CAPE TOWN — South Africa’s new high-speed rail link buckled on Sunday under high demand as visitors flocked to see the new service unveiled for the World Cup.
Long queues backed up for the train service which had 20,000 to 25,000 passengers, less than a week after the three billion dollar project was opened.
“We were just overwhelmed by the huge number of people coming to visit us. It did put a massive strain on the facilities, which took a little bit of time to recover,” said Errol Braithwaite of the operator Bombela.
The jam came as Transport Minister Sibusiso Ndebele urged football fans to get to games using public transport, into which the government had ploughed 40 billion rands (5.2 billion dollars, 4.3 billion euros) ahead of last Friday’s kick-off.
“The use of public transport during this time will significantly reduce congestion on the roads,” he said, pointing to overhauled systems which include bus and train networks.
“Too many fans are driving in private vehicles and the use of public transport will assist a great deal.”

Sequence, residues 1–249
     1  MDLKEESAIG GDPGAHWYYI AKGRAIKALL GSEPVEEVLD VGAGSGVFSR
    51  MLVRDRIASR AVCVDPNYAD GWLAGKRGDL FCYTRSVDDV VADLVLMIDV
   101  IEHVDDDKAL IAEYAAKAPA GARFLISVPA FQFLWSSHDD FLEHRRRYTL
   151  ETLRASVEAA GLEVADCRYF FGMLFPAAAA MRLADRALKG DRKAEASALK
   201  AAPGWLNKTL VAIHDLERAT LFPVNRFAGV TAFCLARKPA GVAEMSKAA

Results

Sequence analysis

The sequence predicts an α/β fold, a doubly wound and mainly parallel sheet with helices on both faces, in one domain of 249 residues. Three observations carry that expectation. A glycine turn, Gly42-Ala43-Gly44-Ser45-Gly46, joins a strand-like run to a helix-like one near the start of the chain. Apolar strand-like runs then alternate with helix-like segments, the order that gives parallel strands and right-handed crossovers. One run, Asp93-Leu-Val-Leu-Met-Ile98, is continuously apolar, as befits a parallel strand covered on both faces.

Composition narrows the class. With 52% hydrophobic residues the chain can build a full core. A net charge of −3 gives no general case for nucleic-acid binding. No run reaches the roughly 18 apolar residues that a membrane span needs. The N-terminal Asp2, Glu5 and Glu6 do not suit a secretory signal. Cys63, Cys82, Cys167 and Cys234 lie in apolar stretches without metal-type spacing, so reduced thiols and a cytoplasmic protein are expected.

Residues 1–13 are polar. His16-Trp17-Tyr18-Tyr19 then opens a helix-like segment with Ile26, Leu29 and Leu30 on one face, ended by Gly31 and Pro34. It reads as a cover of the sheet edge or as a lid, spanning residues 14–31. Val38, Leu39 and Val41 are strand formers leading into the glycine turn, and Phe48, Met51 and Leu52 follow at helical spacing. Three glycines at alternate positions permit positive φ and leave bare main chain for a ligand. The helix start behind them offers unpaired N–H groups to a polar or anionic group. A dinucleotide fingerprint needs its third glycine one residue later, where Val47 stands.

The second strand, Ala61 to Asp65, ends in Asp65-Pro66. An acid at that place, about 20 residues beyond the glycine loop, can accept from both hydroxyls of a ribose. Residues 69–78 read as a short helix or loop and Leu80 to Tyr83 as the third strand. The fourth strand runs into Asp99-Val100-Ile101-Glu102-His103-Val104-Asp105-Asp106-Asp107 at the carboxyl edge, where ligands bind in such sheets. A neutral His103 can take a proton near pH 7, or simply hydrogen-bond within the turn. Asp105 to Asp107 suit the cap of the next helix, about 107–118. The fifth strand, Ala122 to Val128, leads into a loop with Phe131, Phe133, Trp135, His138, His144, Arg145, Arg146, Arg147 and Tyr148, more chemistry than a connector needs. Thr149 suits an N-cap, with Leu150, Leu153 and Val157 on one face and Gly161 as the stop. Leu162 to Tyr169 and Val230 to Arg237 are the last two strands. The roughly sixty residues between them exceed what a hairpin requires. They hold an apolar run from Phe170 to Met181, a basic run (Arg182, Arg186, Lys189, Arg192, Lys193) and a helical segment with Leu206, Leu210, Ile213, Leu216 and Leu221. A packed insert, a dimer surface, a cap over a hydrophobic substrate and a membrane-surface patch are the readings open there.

The number of Gautrain trains was upped on Sunday but led to slower speeds due to an automatic control system to even out spacing between the trains, said Braithwaite.
“Within the space of half an hour, we had the trains running again at normal speed,” he said.
The Gautrain, Africa’s first high-speed railway, opened its first link between the upmarket Sandton area and the OR Tambo airport in Johannesburg last Tuesday.
The train was used by 1,000 commuters in the first hour on its opening day and is seen as a major move to free up Johannesburg’s gridlocked roads.
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